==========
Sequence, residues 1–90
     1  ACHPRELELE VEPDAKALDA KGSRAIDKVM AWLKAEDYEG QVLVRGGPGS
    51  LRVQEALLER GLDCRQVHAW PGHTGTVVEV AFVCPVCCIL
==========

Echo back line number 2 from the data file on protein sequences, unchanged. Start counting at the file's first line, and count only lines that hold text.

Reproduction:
     1  ACHPRELELE VEPDAKALDA KGSRAIDKVM AWLKAEDYEG QVLVRGGPGS